The following guest post is written by Youssef Iskander - a high school student living just outside Toronto, Canada. Despite being young in age, Youssef presents a profound viewpoint on the recent bombing that took place at a Coptic church in Cairo. Very wise for an 11th grader! If you too are interested in guest posting on my blog, please visit my Guest Post guidelines for more info.
This past Sunday, multiple people were killed as part of an attack on the St. Peter Church in St. Mark's Cathedral in Egypt. I don't know exact number of casualties as many are still in hospitals and their life still at risk.
Why is this relevant to us?
No, it's not because I'm feeling bad for the souls who departed. Not at all. They're martyrs who have joined the "cloud of witnesses" (Hebrews 12:1) that are the saints and those in paradise. Cliches aside, they're in a better place. My heart goes to the families and my prayers will be with them.
However, I'm still troubled. I'm troubled about the state of those on earth now, not those who have departed. I'm troubled for myself. After such events happen to others, we reflect on our own situation. If we were to die, where would we end up?
Our Coptic church incorporates an abundance of readings throughout the year that warn us of the end of the days. At the time of Jesus Himself, we were told the Kingdom of God is near. 2000 years later, we are, for the most part, not affected by those warnings.
Why? Because if it was said to be close 2000 years ago, what are the chances of the end being in my lifetime?
The thing is, a different mindset must be adopted. We shouldn't be concerned about His coming, but our going. Although His second coming might not be in our lifetime, ALL of our lives here on earth will end… and what will we say then?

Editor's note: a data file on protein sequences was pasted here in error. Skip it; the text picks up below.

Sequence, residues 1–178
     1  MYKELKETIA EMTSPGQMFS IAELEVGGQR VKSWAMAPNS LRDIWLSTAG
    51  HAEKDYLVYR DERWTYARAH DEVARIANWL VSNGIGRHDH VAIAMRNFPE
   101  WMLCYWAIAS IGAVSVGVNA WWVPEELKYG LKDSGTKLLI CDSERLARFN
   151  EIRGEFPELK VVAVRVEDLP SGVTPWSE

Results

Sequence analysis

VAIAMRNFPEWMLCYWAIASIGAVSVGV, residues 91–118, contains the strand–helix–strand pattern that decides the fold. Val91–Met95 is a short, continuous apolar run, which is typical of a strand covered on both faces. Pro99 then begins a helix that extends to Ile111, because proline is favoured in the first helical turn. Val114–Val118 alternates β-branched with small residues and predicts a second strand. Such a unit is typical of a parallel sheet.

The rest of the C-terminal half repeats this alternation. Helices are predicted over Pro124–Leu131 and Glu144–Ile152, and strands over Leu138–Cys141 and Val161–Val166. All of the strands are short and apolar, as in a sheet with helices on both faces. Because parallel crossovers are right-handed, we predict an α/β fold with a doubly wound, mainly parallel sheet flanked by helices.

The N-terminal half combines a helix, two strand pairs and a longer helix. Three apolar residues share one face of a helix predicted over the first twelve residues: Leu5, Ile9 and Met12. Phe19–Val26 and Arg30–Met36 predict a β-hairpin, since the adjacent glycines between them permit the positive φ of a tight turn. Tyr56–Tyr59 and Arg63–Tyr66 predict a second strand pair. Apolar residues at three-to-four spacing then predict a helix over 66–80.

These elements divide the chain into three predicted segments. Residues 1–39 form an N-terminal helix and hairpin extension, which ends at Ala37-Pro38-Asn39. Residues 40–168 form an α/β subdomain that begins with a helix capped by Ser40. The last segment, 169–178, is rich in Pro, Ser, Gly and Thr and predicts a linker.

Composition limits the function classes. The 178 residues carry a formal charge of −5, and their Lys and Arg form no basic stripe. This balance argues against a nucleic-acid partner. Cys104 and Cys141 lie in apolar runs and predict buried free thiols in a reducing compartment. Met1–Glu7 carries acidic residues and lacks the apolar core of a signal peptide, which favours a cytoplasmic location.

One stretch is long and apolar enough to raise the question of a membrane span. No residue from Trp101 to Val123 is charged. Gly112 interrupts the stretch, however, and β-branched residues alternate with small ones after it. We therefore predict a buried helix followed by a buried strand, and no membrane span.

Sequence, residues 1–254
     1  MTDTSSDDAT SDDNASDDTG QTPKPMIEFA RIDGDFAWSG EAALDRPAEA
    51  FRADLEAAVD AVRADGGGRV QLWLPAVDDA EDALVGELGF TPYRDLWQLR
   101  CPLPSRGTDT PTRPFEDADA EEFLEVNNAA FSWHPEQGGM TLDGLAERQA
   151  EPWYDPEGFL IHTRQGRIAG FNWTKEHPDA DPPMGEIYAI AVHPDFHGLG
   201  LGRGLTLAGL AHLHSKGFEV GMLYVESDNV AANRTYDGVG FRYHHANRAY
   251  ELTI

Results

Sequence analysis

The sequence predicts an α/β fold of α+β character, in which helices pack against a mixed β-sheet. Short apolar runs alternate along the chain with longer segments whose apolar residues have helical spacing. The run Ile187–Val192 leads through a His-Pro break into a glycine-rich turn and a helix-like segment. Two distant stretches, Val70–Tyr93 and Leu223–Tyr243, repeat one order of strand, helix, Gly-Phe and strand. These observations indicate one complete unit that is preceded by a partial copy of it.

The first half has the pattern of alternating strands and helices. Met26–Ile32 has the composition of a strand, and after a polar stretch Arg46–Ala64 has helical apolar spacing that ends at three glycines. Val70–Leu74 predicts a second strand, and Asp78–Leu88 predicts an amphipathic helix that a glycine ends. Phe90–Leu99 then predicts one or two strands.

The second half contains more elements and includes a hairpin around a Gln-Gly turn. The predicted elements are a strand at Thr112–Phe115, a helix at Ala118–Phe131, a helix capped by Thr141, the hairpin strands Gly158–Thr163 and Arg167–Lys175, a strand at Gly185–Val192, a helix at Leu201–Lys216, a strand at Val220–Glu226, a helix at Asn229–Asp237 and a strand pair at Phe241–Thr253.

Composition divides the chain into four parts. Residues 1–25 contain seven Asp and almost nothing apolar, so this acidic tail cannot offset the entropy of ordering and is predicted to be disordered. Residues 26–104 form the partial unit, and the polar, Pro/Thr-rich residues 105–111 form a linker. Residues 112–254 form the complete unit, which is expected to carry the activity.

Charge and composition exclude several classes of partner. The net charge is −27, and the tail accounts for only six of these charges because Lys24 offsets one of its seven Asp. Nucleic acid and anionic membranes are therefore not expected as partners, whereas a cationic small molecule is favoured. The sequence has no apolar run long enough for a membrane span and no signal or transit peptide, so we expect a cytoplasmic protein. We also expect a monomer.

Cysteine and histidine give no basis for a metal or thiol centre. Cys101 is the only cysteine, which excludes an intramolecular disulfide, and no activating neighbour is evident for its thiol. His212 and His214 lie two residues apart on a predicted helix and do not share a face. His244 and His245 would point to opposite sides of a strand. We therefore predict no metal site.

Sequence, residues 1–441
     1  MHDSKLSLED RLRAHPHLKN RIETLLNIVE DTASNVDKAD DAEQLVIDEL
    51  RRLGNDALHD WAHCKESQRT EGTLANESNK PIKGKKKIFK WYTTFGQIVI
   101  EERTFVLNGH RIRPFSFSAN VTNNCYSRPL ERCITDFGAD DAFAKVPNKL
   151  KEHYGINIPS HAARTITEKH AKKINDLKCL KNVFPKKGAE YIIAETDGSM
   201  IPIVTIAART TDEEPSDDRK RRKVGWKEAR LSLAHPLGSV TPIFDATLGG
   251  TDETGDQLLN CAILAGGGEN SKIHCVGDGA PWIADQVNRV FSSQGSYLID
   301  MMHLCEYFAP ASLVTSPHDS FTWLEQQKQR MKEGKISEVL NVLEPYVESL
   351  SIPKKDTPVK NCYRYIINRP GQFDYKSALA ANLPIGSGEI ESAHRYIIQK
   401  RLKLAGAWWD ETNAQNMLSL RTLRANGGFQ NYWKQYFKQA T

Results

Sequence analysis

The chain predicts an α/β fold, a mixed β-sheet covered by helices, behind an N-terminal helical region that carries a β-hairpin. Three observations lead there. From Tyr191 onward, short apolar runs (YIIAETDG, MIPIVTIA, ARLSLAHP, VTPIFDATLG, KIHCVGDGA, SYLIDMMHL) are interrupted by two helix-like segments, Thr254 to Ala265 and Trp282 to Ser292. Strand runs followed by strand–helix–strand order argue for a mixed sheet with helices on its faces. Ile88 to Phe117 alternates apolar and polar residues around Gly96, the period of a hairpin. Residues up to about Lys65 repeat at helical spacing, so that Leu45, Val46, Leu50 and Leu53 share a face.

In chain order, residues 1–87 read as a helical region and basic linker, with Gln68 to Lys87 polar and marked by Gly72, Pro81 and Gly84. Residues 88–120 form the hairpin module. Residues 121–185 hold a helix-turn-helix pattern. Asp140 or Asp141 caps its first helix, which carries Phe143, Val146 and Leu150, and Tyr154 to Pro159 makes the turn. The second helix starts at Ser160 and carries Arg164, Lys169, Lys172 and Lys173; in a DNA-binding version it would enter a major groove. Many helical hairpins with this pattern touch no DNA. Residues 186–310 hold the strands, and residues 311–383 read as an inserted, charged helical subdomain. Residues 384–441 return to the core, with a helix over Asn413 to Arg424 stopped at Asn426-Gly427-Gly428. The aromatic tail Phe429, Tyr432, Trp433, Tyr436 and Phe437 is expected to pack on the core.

Moments like these put things into perspective. Time is running out for all of us. We have no idea when our lives will end. Imagine going to a Sunday Liturgy and that's it. Life is over. Your chance is gone.
St Anthony the Great taught us this lesson years ago. He motivated himself by asking himself that if today were his last, how would he want to spend it?
When will we wake up and realize the end is near? Maybe not the world's, but ours! We can't predict when our life is ending but we take the risk of losing eternal life for the material things of this world.
We are reminded during every Liturgy of the worthlessness of this world when we read:
"Do not love the world or the things of the world. The world is passing away and all its lust, but he whodoes the will of God abides forever Amen."
The world is passing away! Standing before God on Judgement Day we won't be able to say we had this problem or that. The world is passing away. The world and the problem will both be gone to dust and there will be no excuse while standing before God's throne.
"If life were everlasting and this world ever existing, you would have an excuse O my soul. But if your wicked deeds and ugly evils were exposed before the Just Judge, what answer would you give while you are lying on the bed of sins, negligent in disciplining the flesh?” - Litanies of the Twelfth Hour
Where is our excuse? If there is a day to act it is TODAY! If there is a time to act it is NOW!
Judgment will come when our time is up, not the world's. Since we can't guarantee when that moment will be, we shouldn't risk something as important as our eternal life and ignore the warnings around us.